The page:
Allergen Extracts for In Vivo Diagnosis and Treatment of Allergy: Is There a Future?

Rudolf Valenta, Alexander Karaulov, Verena Niederberger, Yury Zhernov, Olga Elisyutina, Raffaela Campana, Margarete Focke-Tejkl, Mirela Curin, Leyla Namazova-Baranova, Jiu-Yao Wang, Ruby Pawankar, Musa Khaitov

Research output: Contribution to journalReview article

6 Citations (Scopus)

Abstract

Today, in vivo allergy diagnosis and allergen-specific immunotherapy (AIT) are still based on allergen extracts obtained from natural allergen sources. Several studies analyzing the composition of natural allergen extracts have shown severe problems regarding their quality such as the presence of undefined nonallergenic materials, contaminants as well as high variabilities regarding contents and biological activity of individual allergens. Despite the increasing availability of sophisticated analytical technologies, these problems cannot be overcome because they are inherent to allergen sources and methods of extract production. For in vitro allergy diagnosis problems related to natural allergen extracts have been largely overcome by the implementation of recombinant allergen molecules that are defined regarding purity and biological activity. However, no such advances have been made for allergen preparations to be used in vivo for diagnosis and therapy. No clinical studies have been performed for allergen extracts available for in vivo allergy diagnosis that document safety, sensitivity, and specificity of the products. Only for very few therapeutic allergen extracts state-of-the-art clinical studies have been performed that provide evidence for safety and efficacy. In this article, we discuss problems related to the inconsistent quality of products based on natural allergen extracts and share our observations that most of the products available for in vivo diagnosis and AIT do not meet the international standards for medicinal products. We argue that a replacement of natural allergen extracts by defined recombinantly produced allergen molecules and/or mixtures thereof may be the only way to guarantee the supply of clinicians with state-of-the-art medicinal products for in vivo diagnosis and treatment of allergic patients in the future.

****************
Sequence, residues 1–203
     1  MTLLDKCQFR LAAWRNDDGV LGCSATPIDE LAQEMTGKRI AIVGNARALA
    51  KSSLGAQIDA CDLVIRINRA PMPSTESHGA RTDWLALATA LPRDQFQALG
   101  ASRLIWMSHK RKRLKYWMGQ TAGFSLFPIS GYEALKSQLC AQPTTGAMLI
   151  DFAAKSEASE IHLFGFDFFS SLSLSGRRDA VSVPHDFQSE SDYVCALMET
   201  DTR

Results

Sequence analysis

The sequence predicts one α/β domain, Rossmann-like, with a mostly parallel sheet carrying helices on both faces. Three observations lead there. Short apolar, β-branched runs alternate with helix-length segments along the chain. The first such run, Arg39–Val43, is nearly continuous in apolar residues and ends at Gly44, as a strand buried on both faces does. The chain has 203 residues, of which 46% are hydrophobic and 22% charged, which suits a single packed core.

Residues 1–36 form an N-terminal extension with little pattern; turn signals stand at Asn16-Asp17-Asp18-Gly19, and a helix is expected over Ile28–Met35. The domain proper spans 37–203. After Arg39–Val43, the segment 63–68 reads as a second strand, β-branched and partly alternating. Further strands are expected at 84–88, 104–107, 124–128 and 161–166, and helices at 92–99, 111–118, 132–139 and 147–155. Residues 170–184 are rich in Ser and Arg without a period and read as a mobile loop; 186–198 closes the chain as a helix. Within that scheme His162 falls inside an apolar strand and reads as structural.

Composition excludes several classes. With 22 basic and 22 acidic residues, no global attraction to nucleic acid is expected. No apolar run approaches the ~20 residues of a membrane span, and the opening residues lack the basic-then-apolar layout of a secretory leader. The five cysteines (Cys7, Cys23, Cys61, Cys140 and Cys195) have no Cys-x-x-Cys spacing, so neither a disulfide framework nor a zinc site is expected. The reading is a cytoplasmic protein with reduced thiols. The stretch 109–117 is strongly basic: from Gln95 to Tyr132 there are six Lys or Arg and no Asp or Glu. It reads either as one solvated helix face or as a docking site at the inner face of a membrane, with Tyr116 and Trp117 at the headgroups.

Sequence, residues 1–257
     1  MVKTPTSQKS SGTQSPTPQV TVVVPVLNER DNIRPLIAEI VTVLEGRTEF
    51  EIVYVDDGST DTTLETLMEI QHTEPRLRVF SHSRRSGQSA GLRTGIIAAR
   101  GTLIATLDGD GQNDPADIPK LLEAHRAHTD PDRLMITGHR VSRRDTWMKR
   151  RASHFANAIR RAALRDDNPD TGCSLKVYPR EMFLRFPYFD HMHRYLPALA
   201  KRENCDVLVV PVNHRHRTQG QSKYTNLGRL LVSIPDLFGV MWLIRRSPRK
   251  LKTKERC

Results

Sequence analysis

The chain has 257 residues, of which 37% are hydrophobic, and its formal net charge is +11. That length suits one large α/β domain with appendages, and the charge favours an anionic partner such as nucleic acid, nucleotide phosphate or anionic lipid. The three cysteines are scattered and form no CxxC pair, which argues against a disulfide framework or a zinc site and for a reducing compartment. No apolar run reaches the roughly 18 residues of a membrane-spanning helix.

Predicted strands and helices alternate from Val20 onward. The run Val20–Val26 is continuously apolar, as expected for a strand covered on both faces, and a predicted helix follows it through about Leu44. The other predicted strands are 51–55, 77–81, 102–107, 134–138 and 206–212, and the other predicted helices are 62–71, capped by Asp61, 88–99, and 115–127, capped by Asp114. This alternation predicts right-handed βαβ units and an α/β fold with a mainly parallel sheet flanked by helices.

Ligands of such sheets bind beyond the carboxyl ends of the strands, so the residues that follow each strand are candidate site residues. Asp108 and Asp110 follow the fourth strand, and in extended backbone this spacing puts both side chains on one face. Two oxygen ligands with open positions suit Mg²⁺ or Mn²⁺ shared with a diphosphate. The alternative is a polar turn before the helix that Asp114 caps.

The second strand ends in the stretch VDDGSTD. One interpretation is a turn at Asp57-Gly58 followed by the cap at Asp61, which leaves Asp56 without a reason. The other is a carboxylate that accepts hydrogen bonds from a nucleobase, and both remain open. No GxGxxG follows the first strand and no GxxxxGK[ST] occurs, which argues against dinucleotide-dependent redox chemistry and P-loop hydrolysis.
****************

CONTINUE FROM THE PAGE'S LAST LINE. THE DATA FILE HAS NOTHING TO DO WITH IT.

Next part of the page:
Original languageEnglish
Pages (from-to)1845-1855.e2
JournalJournal of Allergy and Clinical Immunology: In Practice
Volume6
Issue number6
DOIs
Publication statusPublished - 2018 Nov 1

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Allergens
Hypersensitivity
Therapeutics
Immunologic Desensitization
Safety
Technology
Sensitivity and Specificity